I was scouring the web looking for some good posts about speed and agility as a startup’s advantage when I stumbled upon this: “Speed and Design: Key Differentiators for a Startup”. It was written more than two years ago in December 2011 by a tech entrepreneur, but it’s still highly relevant today. In fact, it’s spot on in what I was looking for.
One of the reasons why I was looking for speed and agility in a startup is the idea that so many great ideas are already out there. However, the startups that are born and grow and survive are oftentimes the ones that standout especially in design.
Today’s world has anyone and everyone programming. There are great resources like Codecademy
, One Month Rails
, and they go on and on. There are utilities that help you build an app without ever touching real code! Back in the day (early 2000’s and prior), programmers came at a premium. The real good ones were always in San Francisco. But now, people have so many tools out there to get programming experience, and launch quickly.
The keys now to standout are a startup’s speed and design. Though, I will add one more to this list and make it lucky number 3 – service. Here are some thoughts on why and how speed, design, and service:
- Build, Launch, Adjust, Repeat. There are niches and pain-points everywhere. Applying a model from industry to industry can work, but fine adjustments are needed to really build and cater to a specific market. The quicker you can implement and adjust (or pivot) the more likely you will win customers and win them fast over competitors.
- Brains Are Rare Talent. Those with creative minds have it made. Creativity is like one of those attributes that many people aren’t born with. Instead, it takes unique minds to sometimes come up with the most unique solutions. Creativity is difficult to train.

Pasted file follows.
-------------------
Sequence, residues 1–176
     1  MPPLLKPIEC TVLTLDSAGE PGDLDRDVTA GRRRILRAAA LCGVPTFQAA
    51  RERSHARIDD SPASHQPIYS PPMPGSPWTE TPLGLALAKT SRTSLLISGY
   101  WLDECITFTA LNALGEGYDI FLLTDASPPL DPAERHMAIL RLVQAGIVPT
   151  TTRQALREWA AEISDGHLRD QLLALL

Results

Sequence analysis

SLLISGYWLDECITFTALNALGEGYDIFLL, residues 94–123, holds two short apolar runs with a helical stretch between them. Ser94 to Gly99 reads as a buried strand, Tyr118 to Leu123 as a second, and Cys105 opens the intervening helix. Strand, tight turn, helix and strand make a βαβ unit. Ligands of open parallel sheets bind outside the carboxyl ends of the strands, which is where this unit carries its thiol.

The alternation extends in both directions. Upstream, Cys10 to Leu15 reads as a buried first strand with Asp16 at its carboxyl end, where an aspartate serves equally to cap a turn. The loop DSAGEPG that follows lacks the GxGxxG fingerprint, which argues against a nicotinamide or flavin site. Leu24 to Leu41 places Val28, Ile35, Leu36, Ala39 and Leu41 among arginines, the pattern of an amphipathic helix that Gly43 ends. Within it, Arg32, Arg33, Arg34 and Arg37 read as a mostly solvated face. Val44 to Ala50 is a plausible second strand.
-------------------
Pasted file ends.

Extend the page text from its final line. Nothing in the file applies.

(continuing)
- Great Programmers Can Be Your Catalyst. It’s true that with coding, there are almost infinite ways to implement a solution. At the end of the day, programmers are builders where architects (the creatives) may provide the final plans. If you get me to the future state, I don’t need to know what’s behind the curtain so much. However, great programmers have the know-how and the experience to know how to deploy quickly and may know the reasons why NOT to employ a particular method or code due to some harsh learnt lessons from the past (i.e. polling can be a major server suck).
- Keep it simple and sweet. KISS has long been a phrase tossed around about anything and everything. My dad actually said K.I.S.S. stood for “Keep It Simple, Stupid.” Whatever works, I suppose. In the end, today’s culture is NOW NOW NOW. And because of this, startups need to orient their products and services to help customers get set up quickly. People aren’t going to make time to understand your product if there’s something out there that is both easier to set up and easier to use. Set up, training, and transacting take time, and as you all know the other popular phrase… time is money.
- Bring It All Together with Superior Service. Tying everything above is service. Or rather more specifically, customer service. As a startup, you’re bound to run into problems and issues be they software bugs, product quality control, service issues, etc. Your ability to provide personal customer service quickly will endear your customers. If you fail to be upfront and honest and provide assistance timely, you’ll quickly become just another company that your customers feel can be replaced easily. By being personal and providing timely service, you can reach customers on a more HUMAN level, and thus, play emotional ties.
So Rohit from techCEOprovided a good start in calling out speed and design as key differentiators. However, I feel that adding service is a critical third differentiator. As a startup, it’s important to maintain healthy and communicative feedback system with customers to know what to fine-tune, what to create, what to remove… Speed to deploy and iterate, design for simplicity and usability, and service to maintain and build relationships are the activities that really set startups apart, and should be parts of a sustainable business model.
What are your thoughts about key differentiators? What’s another key differentiator that I may have missed?